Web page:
Further rate rises in balance as factories stall again

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The Independent Online

The Bank of England was handed an unexpected dilemma yesterday as factories suffered their worst fall in output for two years but house prices bounced back sharply.

The Bank of England was handed an unexpected dilemma yesterday as factories suffered their worst fall in output for two years but house prices bounced back sharply.

Manufacturing industry was left on the brink of recession after output tumbled by 0.8 per cent in August, its third successive monthly fall, according to official figures. But house prices surged 1.4 per cent last month, said Halifax, the country's biggest mortgage lender - contradicting talk of a slowdown in the housing market.

The Bank's monetary policy committee is now certain to leave interest rates on hold today, although the mixed figures left the City split over its next move. "In the absence of strong evidence one way or the other, policy is now at a particularly delicate stage," Andrew Smith, the chief economist at KPMG, said. "The MPC will wish to avoid overkill as the aim is a 'soft landing' for the housing market and consumer spending - but equally it will not wish to see house prices rebounding and growth remaining above trend."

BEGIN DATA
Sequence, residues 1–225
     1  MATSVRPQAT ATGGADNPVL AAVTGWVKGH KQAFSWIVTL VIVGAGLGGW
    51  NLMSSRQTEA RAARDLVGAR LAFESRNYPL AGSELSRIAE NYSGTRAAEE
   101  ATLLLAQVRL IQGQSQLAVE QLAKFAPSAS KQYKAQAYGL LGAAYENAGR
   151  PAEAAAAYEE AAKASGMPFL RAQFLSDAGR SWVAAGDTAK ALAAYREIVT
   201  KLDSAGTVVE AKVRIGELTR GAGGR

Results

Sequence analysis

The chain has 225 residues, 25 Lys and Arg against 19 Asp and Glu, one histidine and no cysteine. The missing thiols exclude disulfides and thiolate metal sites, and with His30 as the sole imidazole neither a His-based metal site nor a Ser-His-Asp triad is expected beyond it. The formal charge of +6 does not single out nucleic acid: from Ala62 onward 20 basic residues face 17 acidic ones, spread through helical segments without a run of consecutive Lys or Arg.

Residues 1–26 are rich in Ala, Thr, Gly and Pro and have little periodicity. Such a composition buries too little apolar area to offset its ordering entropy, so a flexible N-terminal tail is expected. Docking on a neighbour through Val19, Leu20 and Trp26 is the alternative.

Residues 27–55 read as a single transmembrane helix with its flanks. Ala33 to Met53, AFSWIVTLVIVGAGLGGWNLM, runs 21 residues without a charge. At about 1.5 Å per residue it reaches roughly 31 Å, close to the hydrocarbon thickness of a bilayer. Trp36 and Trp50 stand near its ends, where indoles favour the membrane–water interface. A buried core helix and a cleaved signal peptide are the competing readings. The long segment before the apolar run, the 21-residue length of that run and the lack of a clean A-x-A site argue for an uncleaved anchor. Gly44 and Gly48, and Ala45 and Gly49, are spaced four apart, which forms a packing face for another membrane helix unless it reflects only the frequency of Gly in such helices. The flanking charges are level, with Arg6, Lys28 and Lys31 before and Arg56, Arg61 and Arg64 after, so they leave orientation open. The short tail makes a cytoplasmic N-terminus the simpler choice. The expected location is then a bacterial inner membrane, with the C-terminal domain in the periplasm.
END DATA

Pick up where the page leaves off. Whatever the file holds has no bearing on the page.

The fall in manufacturing surprised the City, where analysts had pencilled in a 0.3 per cent rise. The 0.8 per cent drop followed falls of 0.5 and 0.6 per cent in July and June - the first consecutive three months of falls since the aftermath of the 2001 terrorist attack on the US.

Paul Dales, UK economist at Capital Economics, said the figures were "dreadful". "The MPC's strategy of raising rates to take the steam out of the housing market is in danger of leaving the economy with much less forward momentum," he said. Separate figures yesterday showed new car registrations fell 2 per cent in September.

The outlook was muddied by the Halifax survey, which showed the strongest rise in house prices for four months in September, following a 0.5 per cent fall in August.

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